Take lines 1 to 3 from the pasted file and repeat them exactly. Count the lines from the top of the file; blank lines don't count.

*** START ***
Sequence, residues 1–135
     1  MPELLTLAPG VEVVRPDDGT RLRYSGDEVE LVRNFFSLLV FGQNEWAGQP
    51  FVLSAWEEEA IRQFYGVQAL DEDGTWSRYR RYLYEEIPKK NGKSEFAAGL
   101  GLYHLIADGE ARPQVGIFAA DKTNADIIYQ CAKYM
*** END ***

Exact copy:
Sequence, residues 1–135
     1  MPELLTLAPG VEVVRPDDGT RLRYSGDEVE LVRNFFSLLV FGQNEWAGQP
    51  FVLSAWEEEA IRQFYGVQAL DEDGTWSRYR RYLYEEIPKK NGKSEFAAGL